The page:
To learn how to be optimistic means you understand the importance of encouragement. Encouragement is an action. It’s having hope for the future. People who are positive-focused know how to help themselves and others make something happen – something good for the future.
Optimists are confident that if they keep trying and continue to persevere, regardless, there will be an improvement.
And once an optimist is feeling hopeful, then…
4 – Optimists take action.
Lastly, some of the skills on the path to learn how to be optimistic are the ability to make a plan, work the plan and take action on the goals that’ll get you to the finish line of the plan. Does this sound familiar?
What if things don’t work out? Failure is part of the plan – it’s gonna happen, and optimists who take action have contingencies at hand to fail forward.
So, if something doesn’t work out, the optimist finds another way.
Above all, it’s about taking action – not getting stuck in inertia or analysis paralysis. Equally, if a positive person does get stuck, they look for help from another encouraging person! Do you have someone like that in your life?
Are you someone who takes action? Is there a chance you’re also a learned optimist?
Being Positive on Purpose
All in all, life isn’t always what you expect. There are curveballs…
It’s important to realize there are days, weeks and even years where being optimistic is hard. At times it feels almost impossible. I get it. I really do – due to circumstances we all encounter, I’ve experienced it and it’s difficult to be optimistic when in crisis. (Especially if others around you expect optimism from you and you’re feeling like you’re running on empty.)
What can you do when it’s hard to be optimistic?
Actively seek support. To clarify, surround yourself with people, activities, and resources which will support you in practicing:
loving yourself and others,
being thankful – in all circumstances,
accepting encouragement and giving encouragement,
and taking action.
To be transparent – that’s why this site was born. I needed something to keep my focus on remaining and then growing in being positive. So, that’s what PostiveThanksLiving.com is for… it’s for me and you!
On the positive side, there’s no end in learning to be optimistic.
You just get better at it. Certainly, it takes ongoing practice, but the benefits of practicing optimism impact everyone around you for the better.
Indeed, it’s not going to hurt anyone if you learn how to be optimistic… in fact, it’ll help make the world around you a little better!
If so, it’s important to be flexible, and stay positive and thankful because big goals take many turns.
Some are a gentle arc, and barely noticed. Those turns are easy.
Other turns are like the Tail of the Dragon – 11-miles of twists in Tennesee that car and motorbike aficionados use to challenge their driving skill. Sometimes a challenge can be exhilarating.
Regardless of the severity of the turn or turns on the way to that big goal, what thinking skills do you need to navigate your way? These intangible skills will work for the easy turns and the challenging ones alike. And along the way to your goal you’re going to need these skills!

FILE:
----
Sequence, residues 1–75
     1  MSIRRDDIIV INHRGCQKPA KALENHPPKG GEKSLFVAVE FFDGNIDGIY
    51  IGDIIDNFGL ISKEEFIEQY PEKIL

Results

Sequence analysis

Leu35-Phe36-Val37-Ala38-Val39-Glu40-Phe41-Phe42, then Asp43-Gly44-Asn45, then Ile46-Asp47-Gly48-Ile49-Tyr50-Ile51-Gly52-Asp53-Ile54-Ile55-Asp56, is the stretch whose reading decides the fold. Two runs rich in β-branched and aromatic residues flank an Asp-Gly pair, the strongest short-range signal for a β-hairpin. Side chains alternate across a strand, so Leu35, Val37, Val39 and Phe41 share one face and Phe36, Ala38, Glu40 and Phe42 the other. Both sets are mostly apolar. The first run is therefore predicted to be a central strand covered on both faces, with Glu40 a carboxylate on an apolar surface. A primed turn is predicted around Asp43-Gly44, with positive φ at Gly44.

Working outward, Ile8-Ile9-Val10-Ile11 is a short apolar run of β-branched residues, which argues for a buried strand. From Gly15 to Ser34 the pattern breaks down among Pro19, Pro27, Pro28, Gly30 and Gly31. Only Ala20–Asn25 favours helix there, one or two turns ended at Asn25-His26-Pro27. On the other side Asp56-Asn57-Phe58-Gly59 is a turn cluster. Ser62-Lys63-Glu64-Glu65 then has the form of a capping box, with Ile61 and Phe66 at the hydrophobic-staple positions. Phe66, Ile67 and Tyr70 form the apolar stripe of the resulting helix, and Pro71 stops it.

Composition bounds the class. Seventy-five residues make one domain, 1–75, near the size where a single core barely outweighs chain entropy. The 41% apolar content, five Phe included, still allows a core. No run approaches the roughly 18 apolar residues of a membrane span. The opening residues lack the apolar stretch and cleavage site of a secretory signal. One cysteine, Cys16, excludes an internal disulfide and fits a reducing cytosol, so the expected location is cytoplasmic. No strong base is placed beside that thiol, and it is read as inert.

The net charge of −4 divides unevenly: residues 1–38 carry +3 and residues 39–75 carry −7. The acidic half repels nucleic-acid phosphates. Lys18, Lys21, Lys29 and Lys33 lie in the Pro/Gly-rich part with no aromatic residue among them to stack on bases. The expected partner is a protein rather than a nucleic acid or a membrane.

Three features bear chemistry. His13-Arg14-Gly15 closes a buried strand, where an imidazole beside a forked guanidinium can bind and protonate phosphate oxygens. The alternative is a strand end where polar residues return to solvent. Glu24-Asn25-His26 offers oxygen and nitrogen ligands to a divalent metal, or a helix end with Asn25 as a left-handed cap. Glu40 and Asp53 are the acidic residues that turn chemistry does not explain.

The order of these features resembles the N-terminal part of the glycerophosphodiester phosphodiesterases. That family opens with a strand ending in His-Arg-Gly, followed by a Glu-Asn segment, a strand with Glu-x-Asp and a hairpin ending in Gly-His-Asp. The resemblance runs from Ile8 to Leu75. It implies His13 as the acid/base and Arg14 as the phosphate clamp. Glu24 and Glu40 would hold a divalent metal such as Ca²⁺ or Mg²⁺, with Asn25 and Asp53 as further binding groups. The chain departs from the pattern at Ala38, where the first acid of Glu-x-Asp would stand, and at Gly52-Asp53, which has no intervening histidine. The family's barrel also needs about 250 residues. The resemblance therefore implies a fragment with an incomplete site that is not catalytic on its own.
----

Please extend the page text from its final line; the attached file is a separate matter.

Navigating the turns in Big Goals
Traveling with our 5th-Wheel up and down the coast, into big cities and across expanses, required many different skills compared to zooming in a little car to the store.
Rob often talked about thinking in 3 dimensions – not just length and width, but also height as we navigated through our RV-ing adventures.
Big Goals also need a different style of thinking from everyday duties.
Here are some I’ve practiced and seen others do along the way to a big goal.
Clarity. What do you really want? If you know what you really want, then at every turn you’ll be able to choose the way forward.
Focus. Make a plan to get to your goal that includes all the turns you can imagine. Follow the plan.
Review. Goals need a plan and those huge goals are probably made up of many smaller plans and goals. Review it all regularly, because there are going to be turns you haven’t anticipated on the way to the win.
Flexibility. Be ready to shift. You may be in 1st and 2nd gear for a long haul before you get to that open road where you can let all the power out!
Thankfulness. No matter what turn you hit, be aware of the good stuff and express your thankfulness.
Optimism is going to be the overarching need, regardless of all the different skills when navigating the turns in a Big Goal.
Have you encountered a turn on the way to a big goal? What did you do to navigate that unexpected shift?
Making a Plan…
Plans and goals go hand-in-hand. Rarely will someone reach a goal without one. So, how do you record your plan? How do you keep track?
I currently use notebooks – just the dollar-store kind – to keep track of what I’m working on. I even decorate the cover because I’m playing with paper these days. But I have tried other planners. Some just had the months and weeks listed. They worked just fine. And then on my way to seeking a change, I used this planner for 100 days. (I wrote about it here.)
Planning for a bigger goal requires some reflection. (The kind of thinking included in the above 5 ways.)